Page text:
Senator Beveridge refers to a number of cases in which federal measures or the action of the national executive have been criticised on the ground that they interfered with the reserved rights of the States. But the cases cited do not support his own position or the arguments of those who would reduce the influence of the State to a minimum.

The national bank charter, he declares, contradicts rather than confirms Senator Beveridge, for it was not advocated by the people, but by the moneyed interests. Obscene literature, the lottery, pure food and meat inspection laws, were within the province of the Government and without the State's jurisdiction, and the Child-Labor bill of Senator Beveridge, he sweetly adds, was a principle in the Democratic platform more than six years ago. Mr. Beveridge, he says, is opposed in everything he contended for by this utterance of Lincoln: "The maintenance inviolate of the rights of the States, and especially the right of each State to order and control its domestic institutions according to its own judgment exclusively, is essential to that balance of power on which the perfection and endurance of our political fabric depends."

Senator Beveridge in Rejoinder.

Senator Beveridge, in answer to Mr. Bryan, says his argument is "only a halfway house in the long journey of the people toward nationality." The States were originally created by the British King in order to govern them the easier when separate. The


Reverting to the California-Japanese question, he says it is an illustration of the danger to the Republic concealed in the doctrine which the selfish policy of a British King first planted on this continent. This, because of the practical nullification of a treaty with Japan because of San Francisco's attitude. Had we been compelled to engage in hostilities over it, he says, nothing more absurd " or "more awful" could happen. Then, turning to San Francisco's earthquake, he shows that federal troops entered California without the request of its Legislature or Governor, in violation of States' rights, and the Government was applauded for it! If Mr. Bryan approves of this, why does he disapprove of the mild attitude of President Roosevelt in pleading to avert a national war?

Think of that! The president of ninety millions of people pleading with the mayor of a few thousands of people to prevent those few thousands from plunging the whole ninety millions into war. To this deep humiliation,— to this grave danger,-State's rights brings us.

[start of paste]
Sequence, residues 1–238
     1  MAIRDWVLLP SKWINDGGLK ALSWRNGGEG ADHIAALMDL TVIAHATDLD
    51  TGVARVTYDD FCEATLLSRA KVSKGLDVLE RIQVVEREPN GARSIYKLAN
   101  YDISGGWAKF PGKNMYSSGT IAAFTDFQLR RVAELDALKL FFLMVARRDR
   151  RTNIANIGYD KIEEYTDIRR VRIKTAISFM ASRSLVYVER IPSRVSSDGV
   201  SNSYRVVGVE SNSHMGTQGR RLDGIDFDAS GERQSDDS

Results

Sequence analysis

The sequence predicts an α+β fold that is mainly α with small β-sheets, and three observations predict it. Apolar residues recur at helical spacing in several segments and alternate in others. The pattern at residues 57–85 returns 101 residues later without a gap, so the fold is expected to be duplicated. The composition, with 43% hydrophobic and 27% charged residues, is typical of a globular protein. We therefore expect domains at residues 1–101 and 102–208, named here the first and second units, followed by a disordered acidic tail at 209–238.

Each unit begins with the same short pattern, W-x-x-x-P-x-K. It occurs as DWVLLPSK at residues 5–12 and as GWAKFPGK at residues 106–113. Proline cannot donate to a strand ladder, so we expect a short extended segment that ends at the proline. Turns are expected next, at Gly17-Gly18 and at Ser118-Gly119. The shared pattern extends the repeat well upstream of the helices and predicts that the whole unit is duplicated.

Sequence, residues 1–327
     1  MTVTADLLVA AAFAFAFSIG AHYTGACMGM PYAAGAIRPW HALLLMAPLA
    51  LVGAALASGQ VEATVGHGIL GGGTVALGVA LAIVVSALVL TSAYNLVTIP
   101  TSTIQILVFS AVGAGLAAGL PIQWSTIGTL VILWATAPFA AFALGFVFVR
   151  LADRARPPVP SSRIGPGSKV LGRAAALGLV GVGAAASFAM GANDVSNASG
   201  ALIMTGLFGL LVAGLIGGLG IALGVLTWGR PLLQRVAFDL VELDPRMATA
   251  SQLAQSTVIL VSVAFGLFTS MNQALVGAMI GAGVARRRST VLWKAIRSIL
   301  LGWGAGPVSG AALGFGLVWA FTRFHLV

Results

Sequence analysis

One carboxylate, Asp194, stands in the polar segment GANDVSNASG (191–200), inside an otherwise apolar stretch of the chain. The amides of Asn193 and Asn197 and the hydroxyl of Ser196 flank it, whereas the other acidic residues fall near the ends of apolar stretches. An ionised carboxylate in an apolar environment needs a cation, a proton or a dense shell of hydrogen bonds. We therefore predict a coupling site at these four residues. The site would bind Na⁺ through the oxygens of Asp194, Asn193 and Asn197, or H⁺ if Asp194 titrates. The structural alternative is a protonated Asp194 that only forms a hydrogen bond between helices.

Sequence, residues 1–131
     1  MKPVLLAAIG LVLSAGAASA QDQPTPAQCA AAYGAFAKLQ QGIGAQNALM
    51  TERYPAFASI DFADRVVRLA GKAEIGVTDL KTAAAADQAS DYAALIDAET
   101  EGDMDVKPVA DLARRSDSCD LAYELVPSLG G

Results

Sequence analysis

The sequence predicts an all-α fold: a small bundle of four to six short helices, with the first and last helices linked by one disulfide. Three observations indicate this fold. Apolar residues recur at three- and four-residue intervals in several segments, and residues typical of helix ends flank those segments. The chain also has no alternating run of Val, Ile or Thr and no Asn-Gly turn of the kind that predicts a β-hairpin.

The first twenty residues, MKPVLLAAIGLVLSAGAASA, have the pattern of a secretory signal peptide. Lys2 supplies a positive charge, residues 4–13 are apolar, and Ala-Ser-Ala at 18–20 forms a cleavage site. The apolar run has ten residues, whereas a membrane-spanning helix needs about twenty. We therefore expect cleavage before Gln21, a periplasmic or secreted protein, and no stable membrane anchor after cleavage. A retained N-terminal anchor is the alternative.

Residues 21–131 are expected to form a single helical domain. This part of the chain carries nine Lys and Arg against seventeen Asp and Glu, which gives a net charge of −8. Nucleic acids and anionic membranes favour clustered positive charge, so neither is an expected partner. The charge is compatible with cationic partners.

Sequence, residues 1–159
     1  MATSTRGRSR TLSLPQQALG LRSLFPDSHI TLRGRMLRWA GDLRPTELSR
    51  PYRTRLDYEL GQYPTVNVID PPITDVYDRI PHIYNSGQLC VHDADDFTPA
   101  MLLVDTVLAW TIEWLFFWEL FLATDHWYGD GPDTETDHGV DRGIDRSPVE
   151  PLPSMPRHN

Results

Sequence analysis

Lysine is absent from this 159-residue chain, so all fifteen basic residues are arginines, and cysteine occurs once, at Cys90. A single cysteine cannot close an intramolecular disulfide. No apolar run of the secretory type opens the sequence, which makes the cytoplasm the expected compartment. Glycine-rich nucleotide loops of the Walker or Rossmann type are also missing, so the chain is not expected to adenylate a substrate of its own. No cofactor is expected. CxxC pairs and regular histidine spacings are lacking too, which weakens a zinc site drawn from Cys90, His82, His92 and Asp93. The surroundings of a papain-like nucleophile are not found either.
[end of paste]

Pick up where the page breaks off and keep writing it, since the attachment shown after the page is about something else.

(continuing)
We Americans stand before the world higher than we have ever stood before. Every step upward in the world's esteem has been won by nationality. All the contempt of the world for us has been earned by the foolish doctrine of States' rights sown in American soil by the English kings. Shall we be one people, the greatest force for righteousness beneath the skies, or shall we be forty-six peoples? That, in the final analysis, is the question. Shall we have one flag or forty-six flags?


UNTIL quite recently the belief was gen- money. Worthington, not far from the
erally entertained that farming had junction borders of Vermont, New Hamp-
greatly declined in the hill towns of New shire, and Massachusetts, is another illustra-
England. Indeed, the evidences were only tion of recent reviviscency. Twenty-five
too pitiably abundant. The call of the city years ago its brightest sons and daughters
had proved too alluring for the farmer; were deserting it. Twelve years ago its
hence the decay. But this condition has decadence was admitted. Six years ago its
changed, and the return to the farm is en- former residents were returning for summer
couragingly noticeable and frequent. With visits. Of its condition to-day he says: “To-
in the past five years a remarkable demand day there is a modern and well-patronized
for neglected farms has developed. In Maine hotel there, a number of estates greatly im-
and Massachusetts this is especially the case. proved for both summer residences and farm-
In the former State in nine months, in 1903, ing purposes, and several attractive places
one man sold 126 farms, and received over where city boarders are taken."
6000 letters in one year, regarding agricul-
tural property. Western farmers seeking
sites near market towns are leaving the West
and coming to New England.



In the New England Magazine for April Mr. Edward A. Wright contributes a hopeful paper on this matter, in which he states that from a reliable source he has learned "that there are now practically no abandoned farms in Massachusetts." Commenting on the desire of settlers to secure these properties, he says: "This demand has continued without important interruption during the past five years, and is increasing quite generally in most parts of New England. The largest number of purchasers are included in two classes, widely different in character and purpose, but both of great value in improving the small town in which they locate. One of these classes is composed of city people who are establishing summer residences; the other includes those who, having more or less knowledge of agriculture, are seeking inexpensive lands for permanent occupancy and cultivation, a large proportion of them taking up light specialties such as vegetable gardening, fruit-culture, poultry-raising, etc." Business consolidations and labor troubles are doing much to repopulate the hill towns, through their respective reductions in salary and enforced idleness. Huntington and Chester are towns in which good results are apparent. A farm that rented for $40 a year in Chester, four years ago, under fertilization last year yielded $600 worth of produce, and trebled in value. A few miles distant a farm was sold to a Pole for $3500 who had no capital. In one year, from its returns, he was enabled to pay $800 on account of the purchase